Peder Mannerfelt – And The Band Played On (Voam)
“We just spent a year jumping up and down,” a sampled voice tells us on Peder Mannerfelt’s new single. It’s a wonderfully oblique choice of words – wryly chuckling at the COVID reality for most stationary people within the music scene, but also evoking a kind of hysterical energy for people still doggedly trying to engage with dance music culture while trapped in one place. It’s the kind of slanted approach that sits well in Mannerfelt’s lopsided techniverse, where the straightest, quickest path has caved in so you have to hop in the Swedish maverick’s flying Delorean and hope for the best.
Last time Mannerfelt teamed up with Karenn’s Voam label, for last year’s Like We Never Existed 12”, there was a brutal, monochromatic attitude steering the fizzy sound design. Serious techno for serious times, albeit released ahead of widespread global upheaval. Now he’s back with a record seemingly framed in response to our strange new world, and the sensation is quite different. ‘Year Of The Rats’ is still slanted towards proper dancefloor tackle, but there are massive, washy dub techno chords and serotonin-searing rushes providing an unhinged, colourful energy. With every elements injected with that madcap Mannerfelt magic, it’s equal parts monolithic and bizarre, making for vital and inspiring techno.
‘Squarewave To Heaven’ is even more lurid, with the titular waveform leering out of the stereo field like a pixilated gargoyle. You can forget about heaven though – the darkside riff hook and an abundance of gnarly acid attitude ensure this piece sets you off to hell in a rather ornate, iron-clad handcart. ‘Sail On Silverboy’ ditches dancefloor dynamics without losing the hysterical kinesis, firing off luminescent arps and twitching somewhere in the footwork tempo range.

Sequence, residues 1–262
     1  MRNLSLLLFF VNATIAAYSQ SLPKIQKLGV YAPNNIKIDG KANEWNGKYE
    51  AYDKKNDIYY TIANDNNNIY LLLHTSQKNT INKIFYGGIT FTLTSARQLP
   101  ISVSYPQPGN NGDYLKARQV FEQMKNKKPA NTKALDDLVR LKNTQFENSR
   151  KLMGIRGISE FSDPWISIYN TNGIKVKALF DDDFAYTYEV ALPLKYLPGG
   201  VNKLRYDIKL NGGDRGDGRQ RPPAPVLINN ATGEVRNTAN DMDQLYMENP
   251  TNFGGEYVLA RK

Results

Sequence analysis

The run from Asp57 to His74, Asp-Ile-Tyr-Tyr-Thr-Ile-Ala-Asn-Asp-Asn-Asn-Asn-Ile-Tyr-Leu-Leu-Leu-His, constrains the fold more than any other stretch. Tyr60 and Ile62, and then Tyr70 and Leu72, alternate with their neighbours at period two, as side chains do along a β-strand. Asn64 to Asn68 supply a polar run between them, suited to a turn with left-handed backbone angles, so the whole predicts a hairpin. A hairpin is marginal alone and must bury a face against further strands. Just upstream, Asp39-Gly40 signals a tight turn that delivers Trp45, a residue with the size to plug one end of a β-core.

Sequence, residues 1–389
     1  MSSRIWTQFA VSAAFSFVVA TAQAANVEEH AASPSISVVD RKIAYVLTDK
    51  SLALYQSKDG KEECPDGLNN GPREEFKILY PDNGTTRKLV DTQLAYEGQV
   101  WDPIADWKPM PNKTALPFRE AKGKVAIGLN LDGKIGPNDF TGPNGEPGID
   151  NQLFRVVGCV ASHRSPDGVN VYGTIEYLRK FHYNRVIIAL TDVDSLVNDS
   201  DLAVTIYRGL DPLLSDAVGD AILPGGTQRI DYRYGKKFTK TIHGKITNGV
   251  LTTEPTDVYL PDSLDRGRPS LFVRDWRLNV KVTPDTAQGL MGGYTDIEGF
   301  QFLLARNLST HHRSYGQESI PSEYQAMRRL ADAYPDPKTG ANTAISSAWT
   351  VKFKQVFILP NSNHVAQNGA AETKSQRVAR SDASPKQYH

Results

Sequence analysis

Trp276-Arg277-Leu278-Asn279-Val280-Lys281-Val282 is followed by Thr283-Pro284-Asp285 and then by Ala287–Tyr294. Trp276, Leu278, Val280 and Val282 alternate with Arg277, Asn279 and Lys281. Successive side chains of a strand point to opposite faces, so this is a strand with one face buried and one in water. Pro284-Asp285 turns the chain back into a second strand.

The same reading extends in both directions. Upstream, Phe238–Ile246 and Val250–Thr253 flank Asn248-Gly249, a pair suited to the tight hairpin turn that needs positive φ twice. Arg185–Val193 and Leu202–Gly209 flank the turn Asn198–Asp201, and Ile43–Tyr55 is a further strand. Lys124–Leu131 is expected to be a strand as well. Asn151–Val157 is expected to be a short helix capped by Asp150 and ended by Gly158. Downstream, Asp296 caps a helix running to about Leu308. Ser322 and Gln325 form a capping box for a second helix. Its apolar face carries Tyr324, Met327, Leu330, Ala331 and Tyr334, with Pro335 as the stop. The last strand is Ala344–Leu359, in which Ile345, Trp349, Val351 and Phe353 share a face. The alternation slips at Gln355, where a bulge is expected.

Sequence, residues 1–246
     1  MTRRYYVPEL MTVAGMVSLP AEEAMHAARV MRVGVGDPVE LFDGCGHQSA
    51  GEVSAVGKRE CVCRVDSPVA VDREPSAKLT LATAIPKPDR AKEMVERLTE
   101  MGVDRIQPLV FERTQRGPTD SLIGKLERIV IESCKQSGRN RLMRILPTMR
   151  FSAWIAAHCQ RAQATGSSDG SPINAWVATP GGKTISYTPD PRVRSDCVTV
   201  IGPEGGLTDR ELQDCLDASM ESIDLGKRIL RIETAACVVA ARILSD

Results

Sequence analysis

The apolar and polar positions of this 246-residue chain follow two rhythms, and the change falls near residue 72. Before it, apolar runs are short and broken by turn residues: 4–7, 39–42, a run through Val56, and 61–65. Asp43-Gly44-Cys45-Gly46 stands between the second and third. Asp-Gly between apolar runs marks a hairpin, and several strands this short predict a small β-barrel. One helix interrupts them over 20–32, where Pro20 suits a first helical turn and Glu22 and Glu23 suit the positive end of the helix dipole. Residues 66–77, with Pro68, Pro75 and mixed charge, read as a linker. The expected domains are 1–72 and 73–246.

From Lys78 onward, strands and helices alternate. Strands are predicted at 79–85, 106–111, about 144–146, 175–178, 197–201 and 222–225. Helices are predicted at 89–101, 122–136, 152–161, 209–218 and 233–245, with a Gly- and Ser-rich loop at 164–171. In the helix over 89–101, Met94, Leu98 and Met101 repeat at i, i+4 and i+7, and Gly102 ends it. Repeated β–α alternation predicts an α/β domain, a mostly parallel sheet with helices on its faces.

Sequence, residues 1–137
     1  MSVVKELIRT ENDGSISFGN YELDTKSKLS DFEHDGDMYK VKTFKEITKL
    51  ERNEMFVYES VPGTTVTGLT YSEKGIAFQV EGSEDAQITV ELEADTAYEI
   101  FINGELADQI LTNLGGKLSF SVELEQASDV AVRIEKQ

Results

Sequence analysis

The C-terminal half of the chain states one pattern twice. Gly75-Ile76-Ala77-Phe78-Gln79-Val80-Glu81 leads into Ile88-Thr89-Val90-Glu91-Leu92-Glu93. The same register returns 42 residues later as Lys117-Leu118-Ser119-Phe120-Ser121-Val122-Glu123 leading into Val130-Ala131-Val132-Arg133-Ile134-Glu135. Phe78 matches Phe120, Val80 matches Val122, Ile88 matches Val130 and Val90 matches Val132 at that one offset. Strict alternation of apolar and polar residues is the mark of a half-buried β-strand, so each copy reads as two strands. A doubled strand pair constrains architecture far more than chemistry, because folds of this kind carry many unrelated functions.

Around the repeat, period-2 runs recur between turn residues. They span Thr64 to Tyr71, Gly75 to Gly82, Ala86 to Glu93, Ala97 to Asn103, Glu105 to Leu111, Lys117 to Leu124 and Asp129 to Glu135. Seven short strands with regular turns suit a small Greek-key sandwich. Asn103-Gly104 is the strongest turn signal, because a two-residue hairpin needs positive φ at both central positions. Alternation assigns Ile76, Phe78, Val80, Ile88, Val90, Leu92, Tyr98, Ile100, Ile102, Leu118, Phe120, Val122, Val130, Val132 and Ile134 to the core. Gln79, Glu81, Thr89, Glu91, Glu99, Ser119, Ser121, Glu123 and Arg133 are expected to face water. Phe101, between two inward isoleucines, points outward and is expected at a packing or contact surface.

Even the tracks in between are vivid, mind-bending masterpieces. Yet again, Mannerfelt demonstrates with monstrous flair how techno needn’t be bound by formula.
Big Zuu, D Double E – Variation (Big Joints/eOne Music)
Having enjoyed more than a couple back-to-back successful years, the 26 year-old MC & TV presenter from Kilburn teams up with grime icon D Double E on his latest cut ‘Variation’. Sir Spyro is credited on production, and the beat is honestly quite special all on its own; packed with stuttery high-hats and old-school garage warped synthesiser sounds. With absolutely no warning, Big Zuu launches into his whirlwind first verse – it’s tricky, even, on the first listen to keep up with him. What makes this collaboration so exciting, in particular, is the meeting of two grime MCs with different styles but who both make central use of their voice as an instrument. Rest assured D Double throws in some trademark ‘Bidibopbops’ and a killer verse before Zuu hops back on to close out the track. Big Zuu has been carving his own lane in grime for a while now, having dropped a number of tracks last year including the collaboration with Sierra Leonean artist Drizilik on ‘Move Right’. This particular hook and his bars on ‘Variation’, however, are probably the very best he’s written to date and Zuu delivers them flawlessly, switching flows with the confidence and precision of a more seasoned MC: “I’m a young GOAT, I can say that.”